The personal information of 1.7 million patients, hospital staff and associated employees was recently stolen, and city officials are notifiying potential victims to warn them about the loss of the files.
The files were reported stolen in late December from a van operated by GRM Information Management Services, when the driver left the van unattended and unlocked.
The city's Health and Hospitals Corporation says the files contain personal health records along with names, addresses, Social Security numbers and other private information.
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The affected facilities are Jacobi Medical Center, North Central Bronx Hospital, Tremont Health Center and Gunhill Health Center.
Patients who have received care at North Bronx Healthcare Network hospitals since 1991 could have had their information stolen. Those who have worked at those centers also could be affected.
HHC has sent out letters to possible theft victims, has offered one year of free credit protection services and set up a hotline and special customer care centers. HHC also reported the incident to federal state and oversight boards, ended its contract with GRM, and filed a lawsuit against the GRM organization.
GRM did not respond to calls for comment.
According to HHC spokeswoman Pamela McDonnell, the data is not readily accessible without “highly specialized and technical expertise and certain tools.”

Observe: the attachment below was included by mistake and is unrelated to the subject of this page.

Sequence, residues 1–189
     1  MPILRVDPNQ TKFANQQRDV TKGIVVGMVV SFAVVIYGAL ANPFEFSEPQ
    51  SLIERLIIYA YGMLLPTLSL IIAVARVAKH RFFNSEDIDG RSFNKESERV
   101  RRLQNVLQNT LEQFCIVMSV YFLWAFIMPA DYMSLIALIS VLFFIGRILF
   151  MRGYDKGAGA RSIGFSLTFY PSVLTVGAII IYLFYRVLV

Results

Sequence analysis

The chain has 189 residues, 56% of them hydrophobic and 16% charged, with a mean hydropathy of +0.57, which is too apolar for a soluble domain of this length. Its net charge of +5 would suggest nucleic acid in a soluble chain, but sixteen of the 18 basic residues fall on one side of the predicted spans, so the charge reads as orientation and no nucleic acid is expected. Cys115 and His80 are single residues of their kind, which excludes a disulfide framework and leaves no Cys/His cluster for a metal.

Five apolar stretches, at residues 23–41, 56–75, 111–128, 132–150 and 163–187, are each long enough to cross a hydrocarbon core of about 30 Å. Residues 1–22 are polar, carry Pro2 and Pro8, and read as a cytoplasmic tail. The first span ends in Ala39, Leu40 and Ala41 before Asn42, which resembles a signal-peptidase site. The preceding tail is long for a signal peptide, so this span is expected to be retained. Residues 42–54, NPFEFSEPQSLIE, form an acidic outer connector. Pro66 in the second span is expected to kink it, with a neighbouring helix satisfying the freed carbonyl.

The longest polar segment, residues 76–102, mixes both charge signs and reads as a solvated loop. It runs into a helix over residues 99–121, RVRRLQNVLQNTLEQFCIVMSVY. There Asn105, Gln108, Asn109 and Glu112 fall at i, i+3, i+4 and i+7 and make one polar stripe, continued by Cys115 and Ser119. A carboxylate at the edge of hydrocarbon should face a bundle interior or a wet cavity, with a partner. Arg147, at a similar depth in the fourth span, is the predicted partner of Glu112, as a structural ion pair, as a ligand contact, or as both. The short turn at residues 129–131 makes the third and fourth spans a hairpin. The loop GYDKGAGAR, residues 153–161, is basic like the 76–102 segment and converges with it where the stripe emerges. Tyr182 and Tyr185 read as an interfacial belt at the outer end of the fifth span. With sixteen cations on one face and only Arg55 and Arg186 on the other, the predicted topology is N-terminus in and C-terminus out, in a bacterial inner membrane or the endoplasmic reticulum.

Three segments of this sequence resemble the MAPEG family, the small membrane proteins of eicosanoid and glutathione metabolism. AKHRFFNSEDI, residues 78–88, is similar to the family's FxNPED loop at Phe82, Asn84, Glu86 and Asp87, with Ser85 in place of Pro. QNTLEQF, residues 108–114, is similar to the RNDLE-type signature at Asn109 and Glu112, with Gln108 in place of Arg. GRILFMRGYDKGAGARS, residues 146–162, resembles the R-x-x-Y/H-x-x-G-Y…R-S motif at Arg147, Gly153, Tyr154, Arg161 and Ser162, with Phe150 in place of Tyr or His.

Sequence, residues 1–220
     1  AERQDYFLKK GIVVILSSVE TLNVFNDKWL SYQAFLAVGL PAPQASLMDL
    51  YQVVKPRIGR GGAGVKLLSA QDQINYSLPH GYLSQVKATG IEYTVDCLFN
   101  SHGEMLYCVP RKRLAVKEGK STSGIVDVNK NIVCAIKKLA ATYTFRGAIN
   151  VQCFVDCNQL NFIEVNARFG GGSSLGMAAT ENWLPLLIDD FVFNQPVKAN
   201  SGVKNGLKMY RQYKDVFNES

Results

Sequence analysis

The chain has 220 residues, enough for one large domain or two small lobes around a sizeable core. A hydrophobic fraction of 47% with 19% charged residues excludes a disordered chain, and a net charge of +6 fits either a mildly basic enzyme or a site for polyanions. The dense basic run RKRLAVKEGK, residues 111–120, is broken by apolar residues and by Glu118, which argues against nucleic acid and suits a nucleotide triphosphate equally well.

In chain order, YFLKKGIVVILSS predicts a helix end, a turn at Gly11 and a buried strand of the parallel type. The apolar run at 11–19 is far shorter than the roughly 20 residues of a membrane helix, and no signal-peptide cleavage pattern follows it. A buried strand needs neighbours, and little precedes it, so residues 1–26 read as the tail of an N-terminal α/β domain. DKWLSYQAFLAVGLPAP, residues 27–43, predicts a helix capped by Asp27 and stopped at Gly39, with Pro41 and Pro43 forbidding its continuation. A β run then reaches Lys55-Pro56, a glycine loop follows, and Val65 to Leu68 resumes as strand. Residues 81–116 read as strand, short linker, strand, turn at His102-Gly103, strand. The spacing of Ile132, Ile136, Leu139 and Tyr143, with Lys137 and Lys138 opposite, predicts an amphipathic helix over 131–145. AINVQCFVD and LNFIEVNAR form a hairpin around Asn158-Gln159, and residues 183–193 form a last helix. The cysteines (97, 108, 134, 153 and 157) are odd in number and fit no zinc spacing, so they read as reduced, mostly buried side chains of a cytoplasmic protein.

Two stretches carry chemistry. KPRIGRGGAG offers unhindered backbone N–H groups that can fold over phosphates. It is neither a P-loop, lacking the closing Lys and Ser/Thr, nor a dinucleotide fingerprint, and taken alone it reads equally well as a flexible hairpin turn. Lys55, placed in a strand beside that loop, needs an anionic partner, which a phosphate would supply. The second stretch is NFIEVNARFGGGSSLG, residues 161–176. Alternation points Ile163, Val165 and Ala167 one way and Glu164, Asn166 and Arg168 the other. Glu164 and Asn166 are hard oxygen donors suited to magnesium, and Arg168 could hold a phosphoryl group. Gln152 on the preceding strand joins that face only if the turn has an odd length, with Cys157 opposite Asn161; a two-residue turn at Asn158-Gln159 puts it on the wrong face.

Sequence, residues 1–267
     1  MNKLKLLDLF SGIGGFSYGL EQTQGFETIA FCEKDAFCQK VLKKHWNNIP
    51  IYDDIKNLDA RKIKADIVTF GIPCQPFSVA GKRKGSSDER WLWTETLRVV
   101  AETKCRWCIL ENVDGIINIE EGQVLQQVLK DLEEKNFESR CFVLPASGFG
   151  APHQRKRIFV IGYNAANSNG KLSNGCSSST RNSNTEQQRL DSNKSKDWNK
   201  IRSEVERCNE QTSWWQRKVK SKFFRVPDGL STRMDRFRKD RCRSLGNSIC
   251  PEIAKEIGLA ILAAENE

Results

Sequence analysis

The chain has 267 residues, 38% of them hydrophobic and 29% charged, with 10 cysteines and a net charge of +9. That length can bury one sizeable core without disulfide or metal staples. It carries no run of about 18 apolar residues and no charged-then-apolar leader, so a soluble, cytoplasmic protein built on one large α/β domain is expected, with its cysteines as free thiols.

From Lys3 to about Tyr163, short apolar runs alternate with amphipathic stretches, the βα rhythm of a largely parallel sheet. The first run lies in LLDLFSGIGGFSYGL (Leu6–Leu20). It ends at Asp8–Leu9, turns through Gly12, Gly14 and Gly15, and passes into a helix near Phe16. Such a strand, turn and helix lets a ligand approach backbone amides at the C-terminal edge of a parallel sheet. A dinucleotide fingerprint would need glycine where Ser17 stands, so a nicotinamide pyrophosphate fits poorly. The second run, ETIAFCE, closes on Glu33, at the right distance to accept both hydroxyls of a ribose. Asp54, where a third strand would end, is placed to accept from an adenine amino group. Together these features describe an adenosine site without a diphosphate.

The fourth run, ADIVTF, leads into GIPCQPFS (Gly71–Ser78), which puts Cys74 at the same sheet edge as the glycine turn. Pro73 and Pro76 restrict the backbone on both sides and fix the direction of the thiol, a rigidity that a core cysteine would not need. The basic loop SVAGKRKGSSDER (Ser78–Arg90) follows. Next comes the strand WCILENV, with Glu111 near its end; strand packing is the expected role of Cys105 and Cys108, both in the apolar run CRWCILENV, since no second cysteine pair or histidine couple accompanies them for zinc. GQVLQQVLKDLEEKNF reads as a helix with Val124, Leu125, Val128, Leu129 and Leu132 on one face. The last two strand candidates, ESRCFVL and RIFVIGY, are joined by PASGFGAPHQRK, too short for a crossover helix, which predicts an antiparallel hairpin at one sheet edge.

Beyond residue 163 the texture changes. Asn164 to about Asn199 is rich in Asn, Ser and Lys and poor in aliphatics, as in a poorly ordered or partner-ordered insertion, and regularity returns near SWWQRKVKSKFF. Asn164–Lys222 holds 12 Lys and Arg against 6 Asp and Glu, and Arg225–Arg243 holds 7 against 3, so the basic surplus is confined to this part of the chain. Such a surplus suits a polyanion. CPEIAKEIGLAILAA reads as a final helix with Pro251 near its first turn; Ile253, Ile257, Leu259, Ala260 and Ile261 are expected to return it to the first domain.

“The person who took them probably wouldn’t know what to do with them,” she said. “The files just look like cassette tapes in a box.”
McDonnell said there is no evidence the information has been used. Letters went out in recent days, and McDonnell said that she did not believe any patients have called the hotline so far.
The HHC has experienced two file thefts in the past, according to McDonnell. A laptop was stolen from a secured office space, and a CD shipment was lost by a private vendor. Both cases involved a much smaller amount of information and affected a limited number of patients, she said.
“We value and protect privacy and confidentiality and deeply regret any inconvenience and concern this may create for our patients, staff and others affected,” HHC President Alan D. Aviles said in a statement.
Those who think they are affected should call the hotline at 1-877-412-7148 or 311.